but since he never mentioned anything ai tried to do some google searches on the song and the meaning, but could not come up with anything meaningful, other than something to do with delaney and bonnie, and that there was a lawsuit about the song "he's so fine".
The lawsuit is old news. Harrison lost by the way. The court found that Harrison had plagiarized the tune to "He's So Fine" by the Chiffons, which he used for "My Sweet Lord".
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Old 08-24-2005, 02:39 AM   #74
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Quote:
Originally Posted by gymeejet
okay. i am ending my conversations with you, and take my weak reading comprehension with me.
I already said not to go away mad.

Millions of Americans have weak reading comprehension. So it's not a personal insult or anything.

Lighten up.
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Old 08-24-2005, 10:37 AM   #75
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rm,

okay. you would serve yourself better by debating without putting in personal jabs. i can be sarcastic with the best of them, when i choose to be. but to do so as a normal way of debating shows a lack of concreteness in one's argument.

you seem to think that you are the world's authority on the song "my sweet lord". as if you knew what was in george's head at the time.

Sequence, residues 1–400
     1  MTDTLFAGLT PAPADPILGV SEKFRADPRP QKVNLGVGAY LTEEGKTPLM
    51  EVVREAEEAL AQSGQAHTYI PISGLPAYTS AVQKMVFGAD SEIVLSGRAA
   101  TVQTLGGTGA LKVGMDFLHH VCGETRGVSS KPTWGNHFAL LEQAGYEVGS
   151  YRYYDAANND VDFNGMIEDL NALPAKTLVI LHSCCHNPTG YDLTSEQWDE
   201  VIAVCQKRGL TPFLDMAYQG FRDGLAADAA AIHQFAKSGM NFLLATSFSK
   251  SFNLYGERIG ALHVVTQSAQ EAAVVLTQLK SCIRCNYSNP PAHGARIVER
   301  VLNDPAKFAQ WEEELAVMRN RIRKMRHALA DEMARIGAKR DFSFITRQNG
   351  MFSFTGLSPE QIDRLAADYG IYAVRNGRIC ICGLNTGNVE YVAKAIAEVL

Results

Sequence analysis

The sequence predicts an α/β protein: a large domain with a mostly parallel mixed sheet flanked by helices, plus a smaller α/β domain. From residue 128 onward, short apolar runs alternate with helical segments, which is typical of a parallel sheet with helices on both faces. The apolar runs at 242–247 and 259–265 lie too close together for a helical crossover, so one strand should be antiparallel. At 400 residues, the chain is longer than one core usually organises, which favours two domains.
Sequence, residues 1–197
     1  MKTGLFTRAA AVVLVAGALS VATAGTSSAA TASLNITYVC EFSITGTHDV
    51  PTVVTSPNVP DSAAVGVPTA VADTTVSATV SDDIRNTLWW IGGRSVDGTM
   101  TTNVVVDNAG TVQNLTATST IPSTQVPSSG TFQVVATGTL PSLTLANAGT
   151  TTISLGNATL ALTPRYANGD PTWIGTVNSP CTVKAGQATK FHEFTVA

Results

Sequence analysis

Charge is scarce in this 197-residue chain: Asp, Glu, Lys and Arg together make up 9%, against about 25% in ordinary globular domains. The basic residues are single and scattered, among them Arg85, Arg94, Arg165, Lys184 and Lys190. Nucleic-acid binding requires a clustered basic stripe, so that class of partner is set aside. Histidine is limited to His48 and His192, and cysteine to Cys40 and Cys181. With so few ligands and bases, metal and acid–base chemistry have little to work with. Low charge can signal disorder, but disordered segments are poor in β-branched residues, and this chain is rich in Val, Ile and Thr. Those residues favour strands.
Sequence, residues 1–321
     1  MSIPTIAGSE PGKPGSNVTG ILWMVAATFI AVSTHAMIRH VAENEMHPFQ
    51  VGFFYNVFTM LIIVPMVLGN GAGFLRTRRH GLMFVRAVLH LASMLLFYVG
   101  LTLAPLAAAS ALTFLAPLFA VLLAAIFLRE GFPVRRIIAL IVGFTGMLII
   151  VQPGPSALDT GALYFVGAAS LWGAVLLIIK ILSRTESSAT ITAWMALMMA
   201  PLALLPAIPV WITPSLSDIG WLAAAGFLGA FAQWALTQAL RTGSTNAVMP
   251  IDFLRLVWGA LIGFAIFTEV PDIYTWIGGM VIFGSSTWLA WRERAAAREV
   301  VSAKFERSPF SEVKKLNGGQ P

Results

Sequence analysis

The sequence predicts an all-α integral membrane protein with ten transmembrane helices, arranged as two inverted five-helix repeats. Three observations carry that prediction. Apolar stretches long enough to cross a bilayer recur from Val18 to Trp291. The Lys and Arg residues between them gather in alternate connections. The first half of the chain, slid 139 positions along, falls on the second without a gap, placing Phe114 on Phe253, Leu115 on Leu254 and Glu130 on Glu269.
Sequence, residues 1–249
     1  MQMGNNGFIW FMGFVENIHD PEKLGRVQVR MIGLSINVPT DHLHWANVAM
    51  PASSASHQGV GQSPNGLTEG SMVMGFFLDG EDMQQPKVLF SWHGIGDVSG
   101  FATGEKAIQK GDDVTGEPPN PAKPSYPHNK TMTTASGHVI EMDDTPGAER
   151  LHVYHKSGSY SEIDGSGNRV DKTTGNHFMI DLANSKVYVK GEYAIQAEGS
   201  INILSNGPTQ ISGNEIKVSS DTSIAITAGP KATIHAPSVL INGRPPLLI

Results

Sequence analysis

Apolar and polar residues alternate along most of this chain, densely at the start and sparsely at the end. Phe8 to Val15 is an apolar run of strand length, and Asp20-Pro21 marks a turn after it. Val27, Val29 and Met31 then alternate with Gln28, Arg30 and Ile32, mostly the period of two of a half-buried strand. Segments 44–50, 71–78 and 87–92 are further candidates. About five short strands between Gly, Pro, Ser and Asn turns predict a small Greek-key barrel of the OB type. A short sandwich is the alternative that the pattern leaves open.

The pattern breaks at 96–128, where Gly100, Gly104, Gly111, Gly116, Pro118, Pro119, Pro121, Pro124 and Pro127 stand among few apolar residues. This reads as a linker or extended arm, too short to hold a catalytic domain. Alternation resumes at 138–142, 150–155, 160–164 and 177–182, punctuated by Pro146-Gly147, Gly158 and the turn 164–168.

i read and understood the first time that he said that it was a way to basically introduce hk to christians without it pissing them off, like he was being anti-christian.

did you ever stop to think that "attempting to get christians to be open-minded about hk" and "promoting tolerance and acceptance of the 2 mindsets" are not mutually exclusive ?

i don't claim to know what was in george's head at the time. if george was alive today, he may not even know what all he was thinking at the time.

but typically when a person does soul searching, etc. - peace and acceptance with other human beings can often go hand in hand.

when we are reading a physics book, there is an exact intended meaning. it may be hard to grasp, because of the content.

but a song or poetry, usually depicts emotional thought patterns. you can't read it like a science book.

i don't know for sure, but i suspect that george, being raised in a christian environment, was attempting to make connections with people from both religious mindsets for a better acceptance of one another.

i think you may be being a bit brash to think that you are able to interpret his mindset about that song, with 100% surety. i am perfectly content knowing that i will never know for sure what his mindset was.